In 2013 the Obama Administration wanted Larry Summers to chair the Federal Reserve. A small coalition of senators on the Banking Committee, labor and progressive groups mounted opposition, and Summers withdrew.
In 2014 the Administration wanted Antonio Weiss, a Wall Street dealmaker at the investment bank Lazard, for the number three job at the Treasury Department. A small coalition of senators on the Banking Committee and progressive groups mounted opposition, and yesterday, Weiss withdrew.
The two events were similar, but one big thing has changed: the role of Elizabeth Warren. She never actually made a public statement in the Summers fight, making her presence felt behind the scenes. But she orchestrated and controlled the Weiss fight, very vocally going after him and everything his selection represents about the coziness between Washington and Wall Street, on both sides of the aisle. Without Warren’s opposition, Weiss would still be the nominee.
Warren’s ability to work the levers of power from inside and outside shows how quickly she is mastering Senate politics—and why her push to put populist economics at the center of Democratic Party politics is working.
Warren saw Weiss’s nomination as another example of leading Democrats reflexively turning to Wall Street for economic expertise, which consequently leads to policies favoring the financial industry. And despite her new role in the Democratic leadership of the Senate, she was willing to make a stink about it, enough so that she rallied other senators, from Tammy Baldwin on the left edge of the party to Joe Manchin on the right, to her side.
In his withdrawal letter, Weiss said that he didn’t want his nomination to become a drawn-out distraction. He accepted a job instead as a “counselor” to Treasury Secretary Jack Lew, sidestepping the Senate confirmation battle (a replay from when Tim Geithner hired former Bear Stearns partner Lee Sachs as his counselor). The role gives Weiss a voice in policymaking decisions at the Treasury, but strips him of any statutory authority. The White House and Lew said separately in statements that “the opposition to his nomination was not justified.”
The Weiss affair will certainly lead to the White House thinking twice about future nominees. The Progressive Change Campaign Committee has already floated “progressive economic thinkers” like former Senator Byron Dorgan and economist Dean Baker for the Treasury spot. At the very least, in the future you should expect Warren to be consulted on a nominee before, and not after, the announcement.
So why is the Warren wing of the party ascendant? First, Democrats are languishing with their smallest House minority since the 1940s, and a state legislative minority dating back to the pre-FDR days. Part of the success stems from the ideological winnowing of the party, through losses in red states and purple districts. There’s less of a battle of ideas to be fought. But that doesn’t fully account for the change during just the last few weeks.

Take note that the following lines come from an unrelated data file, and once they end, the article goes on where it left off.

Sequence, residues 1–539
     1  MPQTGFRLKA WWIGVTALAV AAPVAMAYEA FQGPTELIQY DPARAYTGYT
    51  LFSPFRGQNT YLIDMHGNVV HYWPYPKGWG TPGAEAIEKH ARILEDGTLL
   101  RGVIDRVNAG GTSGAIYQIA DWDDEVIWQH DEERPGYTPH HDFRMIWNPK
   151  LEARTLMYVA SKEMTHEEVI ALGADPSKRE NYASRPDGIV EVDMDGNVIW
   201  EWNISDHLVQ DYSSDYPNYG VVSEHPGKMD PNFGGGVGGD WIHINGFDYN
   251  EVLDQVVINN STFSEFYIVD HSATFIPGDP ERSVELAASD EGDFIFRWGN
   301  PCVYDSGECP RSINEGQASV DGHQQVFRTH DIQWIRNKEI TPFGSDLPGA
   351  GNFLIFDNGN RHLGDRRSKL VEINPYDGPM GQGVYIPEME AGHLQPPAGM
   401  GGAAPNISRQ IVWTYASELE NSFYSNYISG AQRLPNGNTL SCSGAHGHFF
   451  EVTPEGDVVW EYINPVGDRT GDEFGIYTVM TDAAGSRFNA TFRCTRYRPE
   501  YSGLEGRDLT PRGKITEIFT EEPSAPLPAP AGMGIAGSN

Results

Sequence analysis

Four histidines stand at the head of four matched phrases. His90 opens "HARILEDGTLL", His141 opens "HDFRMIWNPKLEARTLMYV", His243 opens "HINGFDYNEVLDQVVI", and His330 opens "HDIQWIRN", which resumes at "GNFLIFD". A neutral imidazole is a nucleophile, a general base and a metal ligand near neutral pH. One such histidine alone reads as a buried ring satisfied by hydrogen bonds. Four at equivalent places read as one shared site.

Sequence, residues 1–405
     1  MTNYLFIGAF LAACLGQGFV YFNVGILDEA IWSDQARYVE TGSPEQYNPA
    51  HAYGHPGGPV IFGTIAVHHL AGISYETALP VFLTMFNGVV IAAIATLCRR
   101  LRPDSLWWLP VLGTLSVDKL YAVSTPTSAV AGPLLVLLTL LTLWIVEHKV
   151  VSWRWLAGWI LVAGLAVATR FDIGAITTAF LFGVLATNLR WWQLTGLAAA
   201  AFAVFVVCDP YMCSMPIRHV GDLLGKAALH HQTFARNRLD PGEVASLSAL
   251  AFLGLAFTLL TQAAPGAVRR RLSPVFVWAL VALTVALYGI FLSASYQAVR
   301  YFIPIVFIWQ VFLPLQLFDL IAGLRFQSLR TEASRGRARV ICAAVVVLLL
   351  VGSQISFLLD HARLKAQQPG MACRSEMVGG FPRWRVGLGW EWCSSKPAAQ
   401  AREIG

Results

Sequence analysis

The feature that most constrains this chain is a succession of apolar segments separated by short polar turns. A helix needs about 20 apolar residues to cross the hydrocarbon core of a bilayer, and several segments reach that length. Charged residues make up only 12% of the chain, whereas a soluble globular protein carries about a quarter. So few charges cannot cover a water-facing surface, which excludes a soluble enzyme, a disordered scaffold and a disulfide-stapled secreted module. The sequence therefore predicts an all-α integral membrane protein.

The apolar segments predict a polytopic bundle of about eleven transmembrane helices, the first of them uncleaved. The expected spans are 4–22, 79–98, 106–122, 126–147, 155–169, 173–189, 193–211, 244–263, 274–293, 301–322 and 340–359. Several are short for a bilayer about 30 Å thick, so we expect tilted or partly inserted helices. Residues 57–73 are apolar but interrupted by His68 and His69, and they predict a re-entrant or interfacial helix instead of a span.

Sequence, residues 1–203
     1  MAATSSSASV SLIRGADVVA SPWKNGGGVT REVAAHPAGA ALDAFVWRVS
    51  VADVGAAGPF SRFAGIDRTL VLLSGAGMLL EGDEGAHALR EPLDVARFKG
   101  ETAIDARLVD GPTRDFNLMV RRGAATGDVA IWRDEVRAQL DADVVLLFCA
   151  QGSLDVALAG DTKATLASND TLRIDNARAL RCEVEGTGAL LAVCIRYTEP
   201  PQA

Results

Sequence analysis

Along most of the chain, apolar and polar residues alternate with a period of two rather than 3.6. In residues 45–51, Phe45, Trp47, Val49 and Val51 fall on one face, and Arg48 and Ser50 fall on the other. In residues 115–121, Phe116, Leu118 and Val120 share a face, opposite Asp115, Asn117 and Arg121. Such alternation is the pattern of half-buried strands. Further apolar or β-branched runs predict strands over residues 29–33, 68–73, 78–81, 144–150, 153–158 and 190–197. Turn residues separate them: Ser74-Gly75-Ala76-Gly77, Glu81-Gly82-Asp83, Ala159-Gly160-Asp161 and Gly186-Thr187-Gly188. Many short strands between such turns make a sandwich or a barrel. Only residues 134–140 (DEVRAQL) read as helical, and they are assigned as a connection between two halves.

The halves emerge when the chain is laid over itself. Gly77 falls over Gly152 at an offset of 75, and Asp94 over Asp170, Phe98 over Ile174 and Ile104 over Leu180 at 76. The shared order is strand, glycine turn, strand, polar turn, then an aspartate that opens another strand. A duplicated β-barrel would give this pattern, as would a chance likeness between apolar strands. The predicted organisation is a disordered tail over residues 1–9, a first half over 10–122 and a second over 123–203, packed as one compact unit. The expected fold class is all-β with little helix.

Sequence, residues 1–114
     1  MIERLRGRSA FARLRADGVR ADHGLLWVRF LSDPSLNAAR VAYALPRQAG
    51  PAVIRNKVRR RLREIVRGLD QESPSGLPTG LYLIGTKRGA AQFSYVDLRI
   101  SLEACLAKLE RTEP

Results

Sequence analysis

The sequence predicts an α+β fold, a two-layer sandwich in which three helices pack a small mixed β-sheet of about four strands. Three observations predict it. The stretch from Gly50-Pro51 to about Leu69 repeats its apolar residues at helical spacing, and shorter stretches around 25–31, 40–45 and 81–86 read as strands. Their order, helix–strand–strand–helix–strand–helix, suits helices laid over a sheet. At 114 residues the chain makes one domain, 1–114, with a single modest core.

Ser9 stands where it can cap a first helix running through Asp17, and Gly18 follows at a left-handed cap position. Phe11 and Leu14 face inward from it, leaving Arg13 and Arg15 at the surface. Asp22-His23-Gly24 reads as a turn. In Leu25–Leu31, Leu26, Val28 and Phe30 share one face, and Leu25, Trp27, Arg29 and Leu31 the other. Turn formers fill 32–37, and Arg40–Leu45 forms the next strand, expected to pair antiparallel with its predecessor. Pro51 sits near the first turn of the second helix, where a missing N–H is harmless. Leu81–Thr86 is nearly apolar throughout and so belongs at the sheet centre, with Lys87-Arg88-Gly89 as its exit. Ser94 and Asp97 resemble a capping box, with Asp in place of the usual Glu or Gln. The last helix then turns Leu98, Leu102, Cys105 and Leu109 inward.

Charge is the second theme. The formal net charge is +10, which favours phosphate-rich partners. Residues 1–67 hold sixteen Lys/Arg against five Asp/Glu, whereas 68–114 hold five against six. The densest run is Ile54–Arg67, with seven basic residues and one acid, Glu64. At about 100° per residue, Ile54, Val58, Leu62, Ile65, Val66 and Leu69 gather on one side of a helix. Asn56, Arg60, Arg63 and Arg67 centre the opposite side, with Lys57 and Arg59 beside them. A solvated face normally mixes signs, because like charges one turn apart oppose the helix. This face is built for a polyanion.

Last week, Democrats in the House surprisingly scuttled a bill that would have added a number of exemptions and delays to the Dodd-Frank financial reform law. It was brought up under a suspension of the rules, requiring a two-thirds vote. And while elements of the bill had plenty of Democratic support in the past, the mere publicity of a handout for Wall Street sent them scurrying away. The bill has returned under regular order, but the Democratic flight from it is notable.
On Monday, senior Democratic leadership announced a new tax redistribution proposal that funds large tax cuts for the middle class with a 0.1 percent fee on financial transactions, as well as capping tax deductions for the top 1 percent of households. And President Obama’s proposal for two years of free community college tuition, which stands to benefit the middle class the most, can also be seen as part of this shift.
This didn’t happen solely because of a more agreeable, ideologically coherent caucus. It happened because Warren also saw an opportunity to use her star power to bring attention to issues she cares about. And the movement to draft Warren into the upcoming presidential race gives her added power, even if she never personally gives a hint that she’s running.
Warren’s contributions won’t show up in a legislative score. She didn’t record a vote against Larry Summers or Antonio Weiss. She uses her Senate seat to move the party in her preferred direction. That can happen through the unleashing of outside activist groups. It can happen by issuing direct threats to people within her own party. Or it can happen by doling out rewards—something that Warren, one of the Democratic Party’s biggest fundraising magnets, is well positioned to do. It uses every possible tool to arrive at the desired result. In just a couple years, Warren has employed these skills to become the face of the party.
Democrats’ 2014 midterm campaign was hurt by a vague and unfocused agenda. Warren’s signature issues—no more favors for Wall Street, a lifeline for the middle class, tax equity, higher education without debt—actually fit together, telling a story to the public about priorities. You see that on display in this conversation between Warren and FDIC chair Sheila Bair. It's a broad message, bringing in wage-earners who don't benefit from tax loopholes, or small business owners without lobbyists to tuck in goodies for their bottom line. Warren's idea that most people suffer from increased financial burdens when a small slice of the population reaps the gains has a focused, widespread appeal.